As per the norm for most portable SSDs, the My Passport lacks an endurance rating, but it’s rational to expect that it should have a similar life expectancy to the WD Blue SN550 that powers the device (300 and 600TB for the 500GB and 2TB models, respectively). Oddly, the lack of an official endurance rating is actually a plus, though – WD backs the drive with a five-year warranty, so if you have problems, you can RMA the drive during the duration of the warranty regardless of the amount of data you’ve written.
WD rates the My Passport SSD to handle falls up to 6.5ft, but unlike SanDisk’s or LaCie’s portables, it lacks a formal Ingress Protection rating against the elements. The device comes formatted as exFAT for compatibility with both macOS and Windows-based computers and supports S.M.A.R.T. data reporting. When formatted as NTFS, the device supports TRIM.
Software & Accessories
WD includes a relatively short six-inch USB Type-C cable and a one-inch Type-C to Type-A adaptor with the drive. WD provides the company’s Discovery software to manage the device and enables downloading a few other apps. WD Security and WD Backup software manage the device’s password protection and configure backup tasks on both macOS and Windows-based computers.
A Closer Look
Measuring 100 x 55 x 9 mm and weighing in at under 54 grams, WD’s My Passport SSD is sleek, slim, and easily slips into a pocket. However, the build quality isn't as solid as the company’s WD Black P50 or SanDisk’s Extreme Pro. With a little pressure, the casing flexes to your will, and the case doesn’t have an activity light.
WD My Passport SSD is constructed out of both plastic and metal: the topside is metal while the bottom is plastic. Prying the casing open reveals the company took thermals well into consideration as there are multiple thermal pads and points of contact for the chips to dissipate heat into the top metal cover to function as a heat spreader.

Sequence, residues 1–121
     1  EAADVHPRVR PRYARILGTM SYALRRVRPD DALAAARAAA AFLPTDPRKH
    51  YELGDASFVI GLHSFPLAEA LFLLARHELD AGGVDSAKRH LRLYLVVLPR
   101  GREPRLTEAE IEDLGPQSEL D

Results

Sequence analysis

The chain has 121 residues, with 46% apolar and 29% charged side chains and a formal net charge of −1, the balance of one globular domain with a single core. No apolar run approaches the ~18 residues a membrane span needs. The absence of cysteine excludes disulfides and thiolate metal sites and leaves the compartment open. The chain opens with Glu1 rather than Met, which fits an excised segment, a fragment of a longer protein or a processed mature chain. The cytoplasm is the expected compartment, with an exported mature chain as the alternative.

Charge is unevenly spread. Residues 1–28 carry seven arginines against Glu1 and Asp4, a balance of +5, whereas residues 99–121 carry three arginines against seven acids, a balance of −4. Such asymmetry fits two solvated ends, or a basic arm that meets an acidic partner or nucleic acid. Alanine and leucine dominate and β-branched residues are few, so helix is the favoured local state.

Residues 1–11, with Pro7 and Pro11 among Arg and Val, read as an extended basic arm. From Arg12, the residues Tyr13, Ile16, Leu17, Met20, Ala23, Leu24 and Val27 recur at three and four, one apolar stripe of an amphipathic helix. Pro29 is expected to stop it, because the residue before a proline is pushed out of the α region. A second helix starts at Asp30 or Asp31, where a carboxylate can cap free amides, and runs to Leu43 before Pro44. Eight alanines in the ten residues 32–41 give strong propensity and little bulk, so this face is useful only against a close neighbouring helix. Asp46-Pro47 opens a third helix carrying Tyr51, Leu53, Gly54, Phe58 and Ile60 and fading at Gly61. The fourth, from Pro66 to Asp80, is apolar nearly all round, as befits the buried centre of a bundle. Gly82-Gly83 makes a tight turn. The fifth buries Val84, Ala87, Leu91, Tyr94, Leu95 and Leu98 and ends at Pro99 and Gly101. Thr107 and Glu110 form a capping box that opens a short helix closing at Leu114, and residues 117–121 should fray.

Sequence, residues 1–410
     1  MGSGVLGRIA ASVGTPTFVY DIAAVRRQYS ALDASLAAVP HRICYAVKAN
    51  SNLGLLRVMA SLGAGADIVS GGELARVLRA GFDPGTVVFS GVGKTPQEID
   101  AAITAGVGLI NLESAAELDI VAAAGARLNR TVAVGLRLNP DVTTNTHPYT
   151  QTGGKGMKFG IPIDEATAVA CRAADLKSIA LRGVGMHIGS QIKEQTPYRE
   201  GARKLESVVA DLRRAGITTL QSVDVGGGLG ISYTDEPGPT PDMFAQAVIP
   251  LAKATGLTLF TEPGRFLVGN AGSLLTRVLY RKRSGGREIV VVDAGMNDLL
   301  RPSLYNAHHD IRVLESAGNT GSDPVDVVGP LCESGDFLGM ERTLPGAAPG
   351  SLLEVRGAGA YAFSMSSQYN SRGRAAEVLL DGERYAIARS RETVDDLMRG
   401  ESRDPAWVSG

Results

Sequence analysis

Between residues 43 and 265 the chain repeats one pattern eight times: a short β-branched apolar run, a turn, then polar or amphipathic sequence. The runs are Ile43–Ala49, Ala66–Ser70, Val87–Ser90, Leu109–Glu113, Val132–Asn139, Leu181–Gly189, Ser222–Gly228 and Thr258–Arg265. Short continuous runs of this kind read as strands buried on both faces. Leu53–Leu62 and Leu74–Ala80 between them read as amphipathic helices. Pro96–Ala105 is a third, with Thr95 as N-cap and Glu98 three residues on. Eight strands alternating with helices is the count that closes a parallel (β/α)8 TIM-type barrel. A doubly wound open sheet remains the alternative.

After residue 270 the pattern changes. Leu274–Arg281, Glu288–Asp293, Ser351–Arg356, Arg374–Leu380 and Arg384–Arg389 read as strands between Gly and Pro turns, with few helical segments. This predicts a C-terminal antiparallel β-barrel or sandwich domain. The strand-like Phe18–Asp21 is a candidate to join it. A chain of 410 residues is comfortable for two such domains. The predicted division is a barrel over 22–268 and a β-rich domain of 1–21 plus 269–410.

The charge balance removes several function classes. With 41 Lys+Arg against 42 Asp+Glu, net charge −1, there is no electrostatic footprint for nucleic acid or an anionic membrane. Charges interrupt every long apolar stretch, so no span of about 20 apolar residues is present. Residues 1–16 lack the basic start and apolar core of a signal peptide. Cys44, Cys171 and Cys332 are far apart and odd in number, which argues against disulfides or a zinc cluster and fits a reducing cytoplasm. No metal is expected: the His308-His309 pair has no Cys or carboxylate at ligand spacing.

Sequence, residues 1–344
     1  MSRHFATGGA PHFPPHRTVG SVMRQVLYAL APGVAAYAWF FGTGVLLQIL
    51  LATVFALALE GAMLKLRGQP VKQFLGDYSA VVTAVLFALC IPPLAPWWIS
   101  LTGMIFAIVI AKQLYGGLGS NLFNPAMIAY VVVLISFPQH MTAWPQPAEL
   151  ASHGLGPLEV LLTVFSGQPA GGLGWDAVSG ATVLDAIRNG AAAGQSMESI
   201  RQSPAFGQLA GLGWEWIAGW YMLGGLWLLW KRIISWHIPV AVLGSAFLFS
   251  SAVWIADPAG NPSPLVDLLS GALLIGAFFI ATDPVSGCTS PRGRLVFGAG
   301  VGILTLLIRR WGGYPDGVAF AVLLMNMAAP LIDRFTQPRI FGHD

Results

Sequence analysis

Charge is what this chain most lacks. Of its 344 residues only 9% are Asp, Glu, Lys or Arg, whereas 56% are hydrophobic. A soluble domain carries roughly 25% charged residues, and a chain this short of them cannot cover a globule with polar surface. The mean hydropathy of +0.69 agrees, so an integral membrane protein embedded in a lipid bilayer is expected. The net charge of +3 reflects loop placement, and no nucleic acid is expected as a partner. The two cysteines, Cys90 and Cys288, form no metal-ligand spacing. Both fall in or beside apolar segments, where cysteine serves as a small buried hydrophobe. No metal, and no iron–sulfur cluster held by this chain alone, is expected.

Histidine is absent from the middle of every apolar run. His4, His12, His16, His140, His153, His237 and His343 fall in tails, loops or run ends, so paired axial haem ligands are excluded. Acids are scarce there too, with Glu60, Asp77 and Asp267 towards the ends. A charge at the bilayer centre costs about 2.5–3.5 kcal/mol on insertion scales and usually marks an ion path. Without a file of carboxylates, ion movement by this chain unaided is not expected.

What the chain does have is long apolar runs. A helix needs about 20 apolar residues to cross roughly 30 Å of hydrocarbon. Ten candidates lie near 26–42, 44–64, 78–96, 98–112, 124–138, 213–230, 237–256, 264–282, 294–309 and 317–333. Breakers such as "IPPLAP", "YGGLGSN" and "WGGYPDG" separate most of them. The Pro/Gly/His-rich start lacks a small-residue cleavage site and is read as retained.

An ASMedia ASM2362 USB 3.2-to-PCIe 3.0 x2 NVMe SSD chip bridges the link between the internal NVMe SSD and the host. It interfaces with WD’s Blue SN550E over a PCIe 3.0 x2 connection. It translates the NVMe protocol (1.3c) into USB Attached SCSI Protocol for faster than transitional bulk-only transport performance, though it supports both for compatibility. The drive manages power consumption via USB and PCI Express link power management along with chip power management.
WD’s Blue SN550E is a DRAM-less M.2 2280 PCIe 3.0 x4 NVMe SSD that leverages a quad-channel controller and WD’s 512Gb 96-Layer TLC flash.
Sixteen flash dies are stuffed within our 1TB sample, each featuring a dual-plane design that doubles interleaving performance compared to single-plane flash. The controller features hardware-based AES 256-bit encryption support, enabling secure password protection. It also has a multi-gear ECC scheme and other flash management routines to ensure data reliability.
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Sean is a Contributing Editor at Tom’s Hardware US, covering storage hardware.
"An ASMedia ASM2362 USB 3.2-to-PCIe 3.0 x2 NVMe SSD chip bridges the link between the internal NVMe SSD and the host. "Reply
Does this mean that one must have USB 3.2 available on one's system?
Only if you want full performance.cma6 said:"An ASMedia ASM2362 USB 3.2-to-PCIe 3.0 x2 NVMe SSD chip bridges the link between the internal NVMe SSD and the host. "
Does this mean that one must have USB 3.2 available on one's system?